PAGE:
It’s been 11 days since the phone call, the one where I found out I probably have another cancer on top of the one I already have. And although it feels like the longest 11 days of my life, it also feels like time has stood still. Things have happened, life has ticked on by, but I haven’t moved forward at all. Right at the beginning of this cancer crap (it’s not a journey, it’s a crapfest) someone said to me “there will be good days and there will be bad days”, but the ups and downs are far more frequent.
I can go from having moments, minutes, sometimes up to 15 or 20, of almost forgetting - of getting lost in a film, or a game, or a daft escapade with the kids, where I don’t think about cancer at all. But sooner or later, usually sooner, a word or a gesture or a comment will bring it back. Our expectations of everything are based around not dying any time soon. Our appreciation of art, literature, beauty, joy are all based around our life experiences to date. What resonates and touches us are those things that speak to the experiences and values that have shaped our lives. Once you have cancer, all of that changes.
It’s like having children. Well, cancer isn’t like having children, obviously. I mean, there is pain and a lot of crying, blood, goo, complete strangers putting their hands and fingers in places you really don’t want them to, ultrasounds, fear, tests, medical monitoring, multiple visits to hospitals, flowers, gifts, weird cravings, banned foods and new bulky things to put in your underwear. So some similarities I suppose, but I meant the life changing moment stuff.
Once you have a child, everything in your life changes. Your focus shifts. Everything is about the child, and your place in the universe shifts irrevocably. Cancer is like that. It’s all you can talk about, it commands your every move. It keeps you up in the night, pacing the floors, and every murmur, every noise, every faintly new thing has you panic-googling, expecting disaster. And without realising it, you find yourself with new friends, hanging out at places with other parents, people like you, seeking out companionship with those who understand all the complexities of this new thing that has come to live with you.
Your old friends send you love and get in touch and you love to hear from them. You chat and hang out, but they don’t have kids and although they’re interested, they talk about other stuff too, but you find you’re less interested in chat about work, social issues, politics, all the things you used to be passionate about, and you know you’re probably boring their pants off, banging on and on about your new specialist subject, but you just can’t stop yourself. You also make new friends through the cancer equivalent of NCT classes - the online cancer groups - and you know that the connections and friends you make now will last you a lifetime.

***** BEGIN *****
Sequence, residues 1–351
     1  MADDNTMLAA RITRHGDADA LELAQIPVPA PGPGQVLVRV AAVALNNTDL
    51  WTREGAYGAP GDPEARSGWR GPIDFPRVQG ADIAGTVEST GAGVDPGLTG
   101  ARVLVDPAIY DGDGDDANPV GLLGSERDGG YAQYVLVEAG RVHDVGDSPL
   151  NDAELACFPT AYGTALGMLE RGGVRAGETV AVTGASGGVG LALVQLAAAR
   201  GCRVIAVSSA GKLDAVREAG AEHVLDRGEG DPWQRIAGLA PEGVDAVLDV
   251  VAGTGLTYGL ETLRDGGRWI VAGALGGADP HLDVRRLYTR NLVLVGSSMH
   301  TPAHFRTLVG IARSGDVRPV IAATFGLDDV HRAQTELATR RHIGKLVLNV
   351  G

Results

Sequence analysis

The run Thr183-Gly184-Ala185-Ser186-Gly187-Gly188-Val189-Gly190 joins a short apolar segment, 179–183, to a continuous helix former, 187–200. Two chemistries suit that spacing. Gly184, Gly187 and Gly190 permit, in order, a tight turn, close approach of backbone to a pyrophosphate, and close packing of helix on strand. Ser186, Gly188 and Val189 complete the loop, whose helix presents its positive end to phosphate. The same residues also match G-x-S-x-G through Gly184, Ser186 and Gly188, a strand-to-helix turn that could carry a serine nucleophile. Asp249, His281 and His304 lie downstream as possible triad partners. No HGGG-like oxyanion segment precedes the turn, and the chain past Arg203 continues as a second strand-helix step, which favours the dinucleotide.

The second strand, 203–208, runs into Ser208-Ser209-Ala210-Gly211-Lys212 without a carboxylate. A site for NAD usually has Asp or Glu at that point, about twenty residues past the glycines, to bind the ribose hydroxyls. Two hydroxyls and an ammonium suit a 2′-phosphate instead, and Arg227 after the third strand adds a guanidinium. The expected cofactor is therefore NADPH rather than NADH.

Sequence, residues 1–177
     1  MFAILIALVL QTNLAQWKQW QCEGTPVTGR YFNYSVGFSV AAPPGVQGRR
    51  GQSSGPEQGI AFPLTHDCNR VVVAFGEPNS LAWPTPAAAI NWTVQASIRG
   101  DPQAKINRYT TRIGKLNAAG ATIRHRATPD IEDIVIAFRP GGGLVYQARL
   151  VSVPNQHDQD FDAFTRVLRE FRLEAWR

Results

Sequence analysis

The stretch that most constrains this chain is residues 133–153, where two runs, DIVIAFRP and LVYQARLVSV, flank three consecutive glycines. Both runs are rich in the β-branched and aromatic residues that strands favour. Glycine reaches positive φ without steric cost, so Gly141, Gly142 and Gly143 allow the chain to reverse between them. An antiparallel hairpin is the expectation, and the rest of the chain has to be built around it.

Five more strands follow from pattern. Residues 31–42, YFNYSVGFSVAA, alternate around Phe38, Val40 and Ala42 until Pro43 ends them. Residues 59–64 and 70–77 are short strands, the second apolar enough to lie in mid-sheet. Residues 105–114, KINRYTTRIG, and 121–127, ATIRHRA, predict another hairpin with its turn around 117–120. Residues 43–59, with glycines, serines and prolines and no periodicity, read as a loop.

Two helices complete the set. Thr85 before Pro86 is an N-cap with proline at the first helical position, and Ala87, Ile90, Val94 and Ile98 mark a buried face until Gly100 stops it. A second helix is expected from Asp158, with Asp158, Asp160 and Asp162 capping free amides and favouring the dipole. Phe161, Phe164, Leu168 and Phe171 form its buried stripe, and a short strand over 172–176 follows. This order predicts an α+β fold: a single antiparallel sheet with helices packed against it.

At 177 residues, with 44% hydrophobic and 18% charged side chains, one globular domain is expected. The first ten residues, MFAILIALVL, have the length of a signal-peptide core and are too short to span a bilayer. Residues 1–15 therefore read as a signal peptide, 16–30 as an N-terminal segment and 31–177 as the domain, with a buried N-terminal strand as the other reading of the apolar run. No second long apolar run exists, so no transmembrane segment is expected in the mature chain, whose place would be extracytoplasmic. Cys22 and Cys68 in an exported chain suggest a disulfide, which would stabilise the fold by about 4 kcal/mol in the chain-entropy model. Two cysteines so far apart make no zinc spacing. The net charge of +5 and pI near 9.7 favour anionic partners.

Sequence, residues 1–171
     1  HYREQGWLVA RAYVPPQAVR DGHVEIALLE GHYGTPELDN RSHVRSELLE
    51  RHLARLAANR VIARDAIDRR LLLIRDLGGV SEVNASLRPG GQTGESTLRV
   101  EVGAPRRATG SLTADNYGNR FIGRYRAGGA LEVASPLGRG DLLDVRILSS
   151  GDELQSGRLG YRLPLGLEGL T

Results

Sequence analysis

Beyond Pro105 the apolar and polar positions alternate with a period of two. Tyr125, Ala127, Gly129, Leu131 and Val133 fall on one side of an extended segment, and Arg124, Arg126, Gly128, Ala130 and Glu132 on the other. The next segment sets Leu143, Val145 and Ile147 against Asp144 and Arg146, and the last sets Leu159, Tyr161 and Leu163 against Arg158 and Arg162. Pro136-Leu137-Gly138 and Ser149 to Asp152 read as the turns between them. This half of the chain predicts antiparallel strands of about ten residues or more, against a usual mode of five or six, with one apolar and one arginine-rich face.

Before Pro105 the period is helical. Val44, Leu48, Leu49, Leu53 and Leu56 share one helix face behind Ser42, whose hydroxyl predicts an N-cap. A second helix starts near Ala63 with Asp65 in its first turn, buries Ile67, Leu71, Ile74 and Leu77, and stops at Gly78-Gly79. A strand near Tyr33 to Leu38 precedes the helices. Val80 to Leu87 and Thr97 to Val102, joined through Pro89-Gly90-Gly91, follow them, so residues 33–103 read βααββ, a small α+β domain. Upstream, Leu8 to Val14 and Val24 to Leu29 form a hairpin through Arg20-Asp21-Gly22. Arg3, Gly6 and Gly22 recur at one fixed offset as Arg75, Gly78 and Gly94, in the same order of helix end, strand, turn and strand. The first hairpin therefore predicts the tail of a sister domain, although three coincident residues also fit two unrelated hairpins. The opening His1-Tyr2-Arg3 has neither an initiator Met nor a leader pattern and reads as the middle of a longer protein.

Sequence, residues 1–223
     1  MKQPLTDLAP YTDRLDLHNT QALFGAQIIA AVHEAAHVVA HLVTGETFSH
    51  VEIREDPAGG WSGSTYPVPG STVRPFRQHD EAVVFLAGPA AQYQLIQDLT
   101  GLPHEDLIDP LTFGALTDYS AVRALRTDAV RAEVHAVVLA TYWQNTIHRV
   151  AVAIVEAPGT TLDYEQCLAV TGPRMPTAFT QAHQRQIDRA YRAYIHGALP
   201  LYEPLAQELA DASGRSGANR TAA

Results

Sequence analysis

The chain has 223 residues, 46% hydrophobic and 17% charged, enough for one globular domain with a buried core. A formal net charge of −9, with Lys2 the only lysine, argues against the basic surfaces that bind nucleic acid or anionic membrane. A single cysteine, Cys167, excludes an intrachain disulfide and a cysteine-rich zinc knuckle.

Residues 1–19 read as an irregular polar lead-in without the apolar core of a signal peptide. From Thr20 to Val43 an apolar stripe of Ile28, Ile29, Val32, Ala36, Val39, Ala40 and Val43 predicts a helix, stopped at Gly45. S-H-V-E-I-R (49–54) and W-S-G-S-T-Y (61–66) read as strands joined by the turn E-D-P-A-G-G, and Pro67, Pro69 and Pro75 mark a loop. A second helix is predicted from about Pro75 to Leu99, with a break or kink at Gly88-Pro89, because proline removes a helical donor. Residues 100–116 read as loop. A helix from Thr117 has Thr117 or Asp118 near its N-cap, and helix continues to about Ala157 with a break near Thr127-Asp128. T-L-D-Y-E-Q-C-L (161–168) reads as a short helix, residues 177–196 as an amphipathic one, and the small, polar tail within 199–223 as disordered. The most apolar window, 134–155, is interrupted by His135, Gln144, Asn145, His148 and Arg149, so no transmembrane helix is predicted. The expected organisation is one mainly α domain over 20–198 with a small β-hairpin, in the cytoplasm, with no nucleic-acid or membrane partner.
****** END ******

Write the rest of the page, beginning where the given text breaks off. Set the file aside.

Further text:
I’m not sure where I’m going with this analogy really, other than to try to explain how life changes, instantly, once you hear the words that you have cancer. There is no going back to how things were. And me? Well it looks like I’m expecting again. So soon after the first one? Haha, yes, it wasn’t planned. You’ll have your hands full! Ha, yes, won’t I just. Etc.
I’m filling my days with something and nothing. There is usually an appointment for something or other, blood tests, line flushing, injections, wigs, or phone calls to make or receive, so don’t ever think that cancer clears your schedule.
Since my chemo was suspended my gynae team have gone into stealth mode. They’ll tell me nothing, not even to hint at which of my two biopsies was the iffy one. I had a difficult phone call with the gynae nurse where I asked a number of direct questions and she deflected every one of them. Apparently gynae is ‘very complicated’, much more so than breast cancer (which is pretty fucking complicated, believe me) so basically I’m to get back in my box, stop asking difficult questions that she is unable to answer (through a combination of not being allowed to and not being able to, my assessment was 70:30) and wait my turn. None of those are character traits that I possess or aspire to.
I have a whole other blog, book, campaign inside me about ownership of cancer, which I will formulate at some point soon, about the way the system leaves the patient as a CCed recipient of information on their medical condition, rather than the living breathing heart of it, but that’s for another angrier day.
So even though I’m glaring at Team Gynae from under my suspicious raised right eyebrow, my Team Breast has been awesome. I have been switched over to the lead oncologist because I’m now ‘complex’. Anyone who knows me could have told them this a long time ago, but I’m glad they’ve caught up. Head Honco (sorry, no excuses) called me and explained the revised plan. Chemo is being paused in case the ‘gynae issues’ turn out to require a ‘surgical solution’. Che